States and localities need federal relief. But they need to tax the rich too.

Porterdale, Georgia, might as well be named Everywhere, U.S.A. Its main street—aptly named Main St.—is lined with religious institutions. It has parks, a post office, and Waffle House.

And like almost every town right now, it’s facing brutally tough choices when it comes to its budget.

Porterdale has a deficit of about $1.2 million, nearly the same amount as its annual budget. Recent spending cuts led all of the town’s Public Works employees to quit. The interim city manager has even had to hit the streets to collect household garbage. He said he’s now trying to find a private sanitation company to hire.

This, after years of redevelopment that had seen the town thriving. Grants were secured to improve public parks. Free libraries were built at playgrounds. In 2018, Porterdale was named by Georgia Trend magazine as one of the state’s top three live, work, play small towns.

But a former city manager mismanaged town finances, confusing the city council about amounts for unpaid bills. And then coronavirus hit, striking a blow to tax revenue.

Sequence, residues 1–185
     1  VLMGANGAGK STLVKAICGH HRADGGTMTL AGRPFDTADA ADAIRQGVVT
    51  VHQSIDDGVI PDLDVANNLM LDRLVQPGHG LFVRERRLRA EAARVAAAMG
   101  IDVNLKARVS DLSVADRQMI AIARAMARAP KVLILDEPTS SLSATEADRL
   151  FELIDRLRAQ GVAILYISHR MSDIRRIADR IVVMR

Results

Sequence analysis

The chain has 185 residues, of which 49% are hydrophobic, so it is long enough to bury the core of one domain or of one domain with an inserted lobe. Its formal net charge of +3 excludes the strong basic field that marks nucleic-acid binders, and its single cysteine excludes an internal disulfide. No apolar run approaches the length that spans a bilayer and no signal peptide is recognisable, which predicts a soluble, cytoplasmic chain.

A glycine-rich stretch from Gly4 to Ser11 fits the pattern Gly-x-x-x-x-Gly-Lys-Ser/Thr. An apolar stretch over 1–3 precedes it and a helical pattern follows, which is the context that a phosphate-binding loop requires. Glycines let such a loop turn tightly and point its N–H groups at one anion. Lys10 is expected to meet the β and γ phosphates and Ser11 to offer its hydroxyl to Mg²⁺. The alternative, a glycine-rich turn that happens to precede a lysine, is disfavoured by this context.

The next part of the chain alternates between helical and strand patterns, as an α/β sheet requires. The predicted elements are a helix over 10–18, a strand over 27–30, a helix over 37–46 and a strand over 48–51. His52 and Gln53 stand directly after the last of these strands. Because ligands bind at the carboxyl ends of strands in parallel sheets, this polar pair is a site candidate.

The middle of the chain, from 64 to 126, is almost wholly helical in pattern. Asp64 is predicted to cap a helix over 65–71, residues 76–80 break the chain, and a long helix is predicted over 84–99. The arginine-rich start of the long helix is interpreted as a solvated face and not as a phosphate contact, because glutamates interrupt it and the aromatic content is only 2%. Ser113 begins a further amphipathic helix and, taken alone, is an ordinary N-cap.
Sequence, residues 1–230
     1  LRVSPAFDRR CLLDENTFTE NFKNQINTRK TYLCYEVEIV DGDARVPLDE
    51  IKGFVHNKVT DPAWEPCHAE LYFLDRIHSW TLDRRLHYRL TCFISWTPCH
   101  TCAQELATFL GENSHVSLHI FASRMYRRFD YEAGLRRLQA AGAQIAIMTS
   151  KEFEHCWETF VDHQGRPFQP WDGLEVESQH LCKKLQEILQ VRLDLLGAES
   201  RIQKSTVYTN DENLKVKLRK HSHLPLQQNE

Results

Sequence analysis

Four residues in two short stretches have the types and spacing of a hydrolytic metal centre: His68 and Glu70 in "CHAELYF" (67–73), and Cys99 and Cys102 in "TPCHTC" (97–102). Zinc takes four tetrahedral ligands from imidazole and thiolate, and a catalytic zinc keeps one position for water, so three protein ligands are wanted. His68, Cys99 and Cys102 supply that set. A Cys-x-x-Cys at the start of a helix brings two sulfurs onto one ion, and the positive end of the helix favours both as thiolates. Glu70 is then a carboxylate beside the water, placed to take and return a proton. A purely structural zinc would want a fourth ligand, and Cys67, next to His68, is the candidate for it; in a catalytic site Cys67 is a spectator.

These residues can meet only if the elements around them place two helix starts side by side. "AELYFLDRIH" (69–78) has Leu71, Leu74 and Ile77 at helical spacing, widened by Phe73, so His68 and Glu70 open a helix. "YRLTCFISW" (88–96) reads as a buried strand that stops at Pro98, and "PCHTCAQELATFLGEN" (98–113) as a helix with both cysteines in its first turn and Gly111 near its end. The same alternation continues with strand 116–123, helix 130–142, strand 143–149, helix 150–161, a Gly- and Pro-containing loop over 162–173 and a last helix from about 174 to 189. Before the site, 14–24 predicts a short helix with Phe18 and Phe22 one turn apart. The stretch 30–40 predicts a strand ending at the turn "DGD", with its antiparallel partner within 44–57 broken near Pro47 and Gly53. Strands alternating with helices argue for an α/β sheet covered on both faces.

Porterdale is a glimpse of what towns and cities across the country will soon look like—if Congress doesn’t provide financial relief. And if states don’t start raising taxes on those who can afford it.

Consider the stakes: During the peak year of the Great Recession, states experienced a collective shortfall of more than $220 billion. One recent estimate has them facing a gap of at least $555 billion through the 2022 fiscal year.

Without more revenue, state and local governments will be forced to cut services and layoff teachers, sanitation workers, first responders, and other public workers. They already are. Oregon just slashed nearly $400 million from the state budget, mostly to human services—during a pandemic.

The path toward avoiding looming disaster is twofold: federal aid and progressive taxation.

Yes, state and local leaders should be demanding funding from Congress. But they also shouldn’t hesitate to increase taxes on households, businesses, and sectors of the economy that have continued to do well during the crisis. (Here are some policy ideas for how to do that.)

Unfortunately for Porterdale and towns across Georgia, the state government cut taxes for the richest residents in 2018 and planned to do so again until coronavirus hit.

It’s time for those who are thriving to help out those who are struggling to survive. No, it’s been time.

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